Evolutionary psychology and anthropology take a different approach to explaining serial killings . For example, David Buss or Elliott Leyton explain such acts as a result of a lack of social success and the social status of serial killers; Buss mentions Jeffrey Dahmer and Charles Starkweather as examples . According to this declaration, the perpetrators retaliate for their social failure and try to gain a notorious reputation with these acts.
A special motivation is the serial murder of particularly needy or defenseless people in hospitals and old people's homes, which is committed in some cases for reasons such as excessive demands or the desire to exercise power, even if pity plays a role in the decision to act.
The phenomenon of serial murder in Germany was studied by Stephan Harbort for the period 1945 to 1995. According to this study, all serial killers in Germany committed 453 single homicides during this period. 54 men and 7 women were convicted of serial killers; internationally, the proportion of women is estimated at one sixth. Sexually motivated acts were investigated to 56%. 79 murders, assigned to 21 series of murders, remained unresolved. The study showed an increase of about 63% in the number of serial kills between 1986 and 1995 compared to the ten years before. In almost 80% of the cases there was no victim-perpetrator relationship, in 27% of the cases the perpetrator was under the influence of drugs ( alcohol or narcotics ). Sex killers were 95% and otherwise motivated serial killers 61%. 58% of the crime scenes were located in large cities, the radius of the individual acts of a series of murders was less than 30 km in 68% of the cases and less than 10 km in 40% of the cases.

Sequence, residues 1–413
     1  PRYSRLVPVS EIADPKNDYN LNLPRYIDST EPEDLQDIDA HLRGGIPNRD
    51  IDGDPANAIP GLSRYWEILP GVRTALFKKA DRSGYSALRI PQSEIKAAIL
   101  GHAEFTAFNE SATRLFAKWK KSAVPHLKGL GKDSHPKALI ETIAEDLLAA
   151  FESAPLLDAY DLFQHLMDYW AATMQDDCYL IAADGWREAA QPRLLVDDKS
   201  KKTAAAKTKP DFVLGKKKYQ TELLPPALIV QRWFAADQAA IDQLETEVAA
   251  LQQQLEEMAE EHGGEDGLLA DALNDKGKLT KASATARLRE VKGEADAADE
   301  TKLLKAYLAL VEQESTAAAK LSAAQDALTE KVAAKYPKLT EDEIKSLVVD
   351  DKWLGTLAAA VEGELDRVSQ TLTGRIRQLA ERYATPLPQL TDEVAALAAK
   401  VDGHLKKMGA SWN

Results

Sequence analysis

In the further period up to the year 2000, 22 sexually motivated serial killers and 54 serial robberies were caught in Germany. 8.4% of all robbery and sex murders were committed by serial offenders. In their environment they are usually inconspicuous and socially adapted. According to Harbort, serial robberies are caught on average after 3¼ years and 89% of the cases were previously criminalized. Many serial sexual killers live in big cities, are between 16 and 36 years old, single or divorced, childless and are caught on average after 4½ years. Of the sexually motivated serial killers, 82% have abnormal sexual behavior, such as B. fetishism , and have often been previously recorded for sexual offenses.
The National Center for the Analysis of Violent Crime determined a total of 331 serial killers in the United States from 1977 to April 1992.
The public perception of serial killings and perpetrators is shaped by various media. In addition to reports in newspapers and television, the topic is also dealt with in numerous series (e.g. The Following , Dexter or Mindhunter ) and films such as The Silence of the Lambs or Seven .